Cottage Grove station

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Cottage Grove
Cottage Grove L Station (Chicago, USA).jpg
Location 800 East 63rd Street
Chicago, Illinois 60637
Coordinates 41°46′49″N 87°36′21″W / 41.780309°N 87.605857°W / 41.780309; -87.605857
Owned by Chicago Transit Authority
Line(s)
Platforms 2 Side platforms
Tracks 2 tracks
Connections CTA bus
Construction
Structure type Elevated
Disabled access Yes
History
Opened April 23, 1893
Rebuilt 1989–91
Previous names East 63rd-Cottage Grove
Traffic
Passengers (2015) 415,343[1]Decrease 5.4%
Rank 120 out of 143[a]
Services
Preceding station   Chicago "L"   Following station
toward Harlem/Lake
Green Line Terminus
Route map
Green Line
west to Harlem/Lake
Evans Ave.
Cottage Grove Ave.

Cottage Grove (formerly East 63rd-Cottage Grove) is a station on the Chicago Transit Authority's 'L' system, serving the Green Line's East 63rd branch and the Woodlawn neighborhood. The station is situated at 800 E 63rd Street. The station opened on April 23, 1893. This station is the current terminal of the East 63rd branch of the Green Line, and the easternmost station on the entire 'L' system.

History[edit]

Cottage Grove officially opened in 1893 when the South Side Rapid Transit company extended its line from 39th Street to Jackson Park, just in time for the World's Columbian Exposition. The line was shortened to Stony Island and 63rd after the fair concluded. Stony Island remained the terminus of the East 63rd branch for nearly 100 years. However, on March 4, 1982, service east of 61st was suspended due to a defective bridge over the Illinois Central (now Metra Electric) trackage. Service on the East 63rd branch was restored on December 12, 1982, but only as far as the University station. In 1989, Cottage Grove was demolished and replaced with an entirely new station, which opened in 1991. The new station was open for only two years before the entire Green Line closed for a massive renovation in 1994.

Cottage Grove becomes a terminal[edit]

When the Green Line closed in 1994, the CTA was planning to re-extend the line from University to a new station at Dorchester. The new station would have offered connections to Metra Electric and South Shore Line trains, as well as CTA buses through a brand-new bus terminal. However, opposition from Woodlawn residents forced a tough decision for the CTA: to cut the line back to Cottage Grove. The East 63rd branch was partially demolished from Cottage Grove Avenue to Drexel Avenue to prevent in-service trains from traveling on the unrehabbed trackage east of Cottage Grove. When the line reopened in 1996, Cottage Grove became the terminal of the East 63rd branch. The rest of the line east of Cottage Grove, including the abandoned University station and the partially-built Dorchester station, was completely demolished.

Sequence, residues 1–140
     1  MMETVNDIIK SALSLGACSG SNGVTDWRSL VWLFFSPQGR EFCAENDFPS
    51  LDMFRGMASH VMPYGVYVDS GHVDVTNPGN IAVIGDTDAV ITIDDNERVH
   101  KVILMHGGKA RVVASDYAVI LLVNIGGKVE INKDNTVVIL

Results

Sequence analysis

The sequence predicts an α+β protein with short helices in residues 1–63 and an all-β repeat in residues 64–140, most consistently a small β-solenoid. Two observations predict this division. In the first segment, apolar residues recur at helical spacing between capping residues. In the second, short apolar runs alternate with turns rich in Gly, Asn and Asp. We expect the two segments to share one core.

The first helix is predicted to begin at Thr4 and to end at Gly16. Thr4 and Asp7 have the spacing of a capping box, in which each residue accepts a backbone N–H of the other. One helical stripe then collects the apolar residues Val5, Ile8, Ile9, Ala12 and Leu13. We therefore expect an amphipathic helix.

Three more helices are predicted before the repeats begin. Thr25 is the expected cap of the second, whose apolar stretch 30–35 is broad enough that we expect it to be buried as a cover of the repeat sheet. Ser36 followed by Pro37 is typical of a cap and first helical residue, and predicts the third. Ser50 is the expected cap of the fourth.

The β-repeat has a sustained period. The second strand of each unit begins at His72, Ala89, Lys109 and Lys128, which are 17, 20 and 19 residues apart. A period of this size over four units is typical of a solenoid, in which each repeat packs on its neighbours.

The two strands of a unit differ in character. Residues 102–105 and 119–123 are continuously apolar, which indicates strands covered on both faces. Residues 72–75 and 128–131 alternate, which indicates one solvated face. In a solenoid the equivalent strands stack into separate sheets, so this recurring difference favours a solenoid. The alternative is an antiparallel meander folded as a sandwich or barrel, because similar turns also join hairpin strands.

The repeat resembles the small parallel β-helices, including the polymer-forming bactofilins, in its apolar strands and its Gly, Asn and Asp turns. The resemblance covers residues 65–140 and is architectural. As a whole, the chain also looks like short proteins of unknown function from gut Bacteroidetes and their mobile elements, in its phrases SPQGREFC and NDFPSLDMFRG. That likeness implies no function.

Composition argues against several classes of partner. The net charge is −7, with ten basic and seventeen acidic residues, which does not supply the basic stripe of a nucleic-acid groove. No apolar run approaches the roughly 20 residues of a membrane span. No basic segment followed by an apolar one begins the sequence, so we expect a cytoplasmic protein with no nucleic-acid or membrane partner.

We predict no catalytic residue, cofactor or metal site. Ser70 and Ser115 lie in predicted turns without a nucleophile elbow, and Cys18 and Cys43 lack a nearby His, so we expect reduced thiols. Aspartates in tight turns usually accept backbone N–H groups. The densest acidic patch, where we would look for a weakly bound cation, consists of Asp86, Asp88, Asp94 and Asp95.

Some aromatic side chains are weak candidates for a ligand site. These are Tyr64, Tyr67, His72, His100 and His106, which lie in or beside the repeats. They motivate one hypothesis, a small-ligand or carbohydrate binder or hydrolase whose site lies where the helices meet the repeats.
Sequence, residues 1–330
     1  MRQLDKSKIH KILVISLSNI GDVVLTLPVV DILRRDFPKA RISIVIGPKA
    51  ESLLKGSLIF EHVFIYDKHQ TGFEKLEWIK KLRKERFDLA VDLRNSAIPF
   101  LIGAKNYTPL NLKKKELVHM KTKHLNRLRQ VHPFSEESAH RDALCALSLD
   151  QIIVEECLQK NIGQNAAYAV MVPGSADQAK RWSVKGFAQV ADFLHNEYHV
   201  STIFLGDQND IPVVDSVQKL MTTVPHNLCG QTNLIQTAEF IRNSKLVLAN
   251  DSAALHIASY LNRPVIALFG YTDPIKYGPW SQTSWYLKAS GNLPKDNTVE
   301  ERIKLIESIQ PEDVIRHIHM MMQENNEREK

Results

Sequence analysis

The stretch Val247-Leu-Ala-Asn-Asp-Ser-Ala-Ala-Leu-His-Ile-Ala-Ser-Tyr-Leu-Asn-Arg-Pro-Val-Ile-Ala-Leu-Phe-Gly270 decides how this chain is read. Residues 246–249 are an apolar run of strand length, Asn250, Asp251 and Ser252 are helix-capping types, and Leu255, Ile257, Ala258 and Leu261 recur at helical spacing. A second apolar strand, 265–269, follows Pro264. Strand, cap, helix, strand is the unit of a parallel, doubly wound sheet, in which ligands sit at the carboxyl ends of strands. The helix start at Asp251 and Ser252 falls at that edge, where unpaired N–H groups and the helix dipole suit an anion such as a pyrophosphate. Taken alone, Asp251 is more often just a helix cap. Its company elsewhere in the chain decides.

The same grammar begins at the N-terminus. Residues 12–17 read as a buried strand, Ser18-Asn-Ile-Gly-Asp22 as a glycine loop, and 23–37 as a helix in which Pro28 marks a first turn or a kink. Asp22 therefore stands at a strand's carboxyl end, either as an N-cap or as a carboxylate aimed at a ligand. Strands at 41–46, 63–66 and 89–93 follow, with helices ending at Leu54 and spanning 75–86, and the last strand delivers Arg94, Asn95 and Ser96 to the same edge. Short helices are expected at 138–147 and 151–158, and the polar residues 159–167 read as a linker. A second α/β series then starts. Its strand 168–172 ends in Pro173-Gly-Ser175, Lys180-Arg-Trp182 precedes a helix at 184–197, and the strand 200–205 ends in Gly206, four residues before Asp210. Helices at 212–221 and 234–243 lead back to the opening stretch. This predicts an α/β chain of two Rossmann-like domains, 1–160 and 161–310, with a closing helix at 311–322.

Operations[edit]

The Cottage Grove station was never intended to be a terminus. Although the station has two platforms, the northern platform is the only one that is really ever used. This is because no fare controls exist on the southern platform, since the station originally only allowed inbound (Harlem/Lake-bound) boarding (a configuration still used by King Drive). For this reason, the southern platforms can only be used by trains that continue to the 61st or Lower 63rd Yards. The southern platform is also used by rush-hour trains that run empty to Garfield and back to Cottage Grove or to Ashland/63rd (this is done to allow a quick and easy transfer to another branch at Garfield). The one-track setup works for Cottage Grove because the station only sees trains arrive/depart every 20–25 minutes. Since the East 63rd branch was torn down all the way to Cottage Grove, no turnaround track exists east of the station. Trains needing to switch to the northern platform must utilize a crossover track just west of the station.

Bus connections[edit]

CTA

  • 4 Cottage Grove (Owl Service)
  • 63 63rd (Owl Service)

Image gallery[edit]

Notes and references[edit]

Notes[edit]

  1. ^ Due to possible double-counting of physically-connected stations, the CTA's official 2015 tally of stations was 146, but for ridership purposes reported having only 143 stations.

References[edit]

  1. ^ "Monthly Ridership Report – December 2015" (PDF). Chicago Transit Authority Ridership Analysis and Reporting. January 11, 2016. Retrieved March 12, 2016. 

External links[edit]